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Numbers: Plastics, From Manufacturing to Recycling to Long Death in a Landfill



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63 Pounds of plastic packaging, per person, that end up in landfills in the United States every year. Plastic accounts for 16 percent of all municipal solid waste in this country and 50 to 80 percent of the waste littering beaches, oceans, and seabeds.

6.8 Percentage of total plastics recovered for recycling in the United States in 2007, according to the EPA (PDF). About 37 percent of plastic soda bottles and 28 percent of plastic milk and water jugs get recycled. Making products with recycled materials takes 50 percent less energy than starting from scratch.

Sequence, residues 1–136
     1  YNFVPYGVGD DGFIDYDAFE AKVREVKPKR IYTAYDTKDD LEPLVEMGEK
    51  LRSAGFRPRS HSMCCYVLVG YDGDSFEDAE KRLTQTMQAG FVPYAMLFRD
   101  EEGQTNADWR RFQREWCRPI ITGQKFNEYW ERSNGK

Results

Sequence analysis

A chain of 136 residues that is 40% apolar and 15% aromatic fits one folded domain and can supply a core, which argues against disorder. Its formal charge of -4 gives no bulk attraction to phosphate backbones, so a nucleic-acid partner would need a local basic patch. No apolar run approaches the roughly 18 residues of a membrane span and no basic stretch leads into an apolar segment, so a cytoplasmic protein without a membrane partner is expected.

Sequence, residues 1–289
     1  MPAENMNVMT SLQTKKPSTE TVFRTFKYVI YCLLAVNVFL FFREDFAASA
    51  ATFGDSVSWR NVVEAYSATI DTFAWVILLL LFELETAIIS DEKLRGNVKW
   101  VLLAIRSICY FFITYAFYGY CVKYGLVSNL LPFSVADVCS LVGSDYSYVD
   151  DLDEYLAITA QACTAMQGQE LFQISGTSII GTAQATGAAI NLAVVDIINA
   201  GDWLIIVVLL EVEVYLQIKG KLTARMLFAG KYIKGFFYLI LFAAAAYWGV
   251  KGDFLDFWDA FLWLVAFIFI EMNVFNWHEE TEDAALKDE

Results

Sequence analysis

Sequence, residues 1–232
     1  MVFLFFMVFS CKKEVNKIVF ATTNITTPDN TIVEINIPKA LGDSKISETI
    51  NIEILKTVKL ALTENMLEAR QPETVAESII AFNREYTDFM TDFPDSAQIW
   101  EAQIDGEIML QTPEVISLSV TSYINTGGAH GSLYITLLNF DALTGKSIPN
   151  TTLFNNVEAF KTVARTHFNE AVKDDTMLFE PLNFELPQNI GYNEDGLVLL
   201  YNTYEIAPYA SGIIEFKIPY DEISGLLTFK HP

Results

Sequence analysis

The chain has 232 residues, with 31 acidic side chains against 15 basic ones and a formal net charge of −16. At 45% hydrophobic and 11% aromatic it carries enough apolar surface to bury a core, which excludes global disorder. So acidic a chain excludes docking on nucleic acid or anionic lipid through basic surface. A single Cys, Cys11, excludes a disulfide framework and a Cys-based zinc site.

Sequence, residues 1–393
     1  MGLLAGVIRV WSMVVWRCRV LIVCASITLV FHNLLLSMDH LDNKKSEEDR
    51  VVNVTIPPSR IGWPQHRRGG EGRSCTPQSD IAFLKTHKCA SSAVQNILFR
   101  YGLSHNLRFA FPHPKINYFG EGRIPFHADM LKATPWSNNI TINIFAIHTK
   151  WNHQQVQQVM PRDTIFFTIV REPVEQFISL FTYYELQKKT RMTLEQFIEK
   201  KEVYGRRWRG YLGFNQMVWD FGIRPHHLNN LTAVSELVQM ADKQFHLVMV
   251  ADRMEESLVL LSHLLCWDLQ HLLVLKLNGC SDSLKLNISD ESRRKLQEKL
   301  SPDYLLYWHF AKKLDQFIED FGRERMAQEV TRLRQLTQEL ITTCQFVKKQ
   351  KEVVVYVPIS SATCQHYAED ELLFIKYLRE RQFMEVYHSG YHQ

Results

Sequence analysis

300 Million Projected global plastic production in 2010, in metric tons, according to a report published by the Royal Society (U.K.) in July. Fifty percent of all plastic is made for disposable applications such as packaging; about a quarter goes into long-term infrastructure items such as pipes. More than 40 million tons become textile fibers like nylon and polyester.

93 Percentage of individuals 6 years and older whose urine contained detectable bisphenol A (BPA), a chemical used in the manufacture of some plastics, in a CDC study published in 2007. Four million tons of BPA are produced each year. A National Toxicology Program report released last fall said there was “some concern” that exposure to BPA could lead to developmental changes in infants and children.

450 Estimated time, in years, for a plastic bottle to degrade completely in a marine environment. On the upside, packaging beverages in plastic uses an estimated 52 percent less energy than packaging them in glass or metal.

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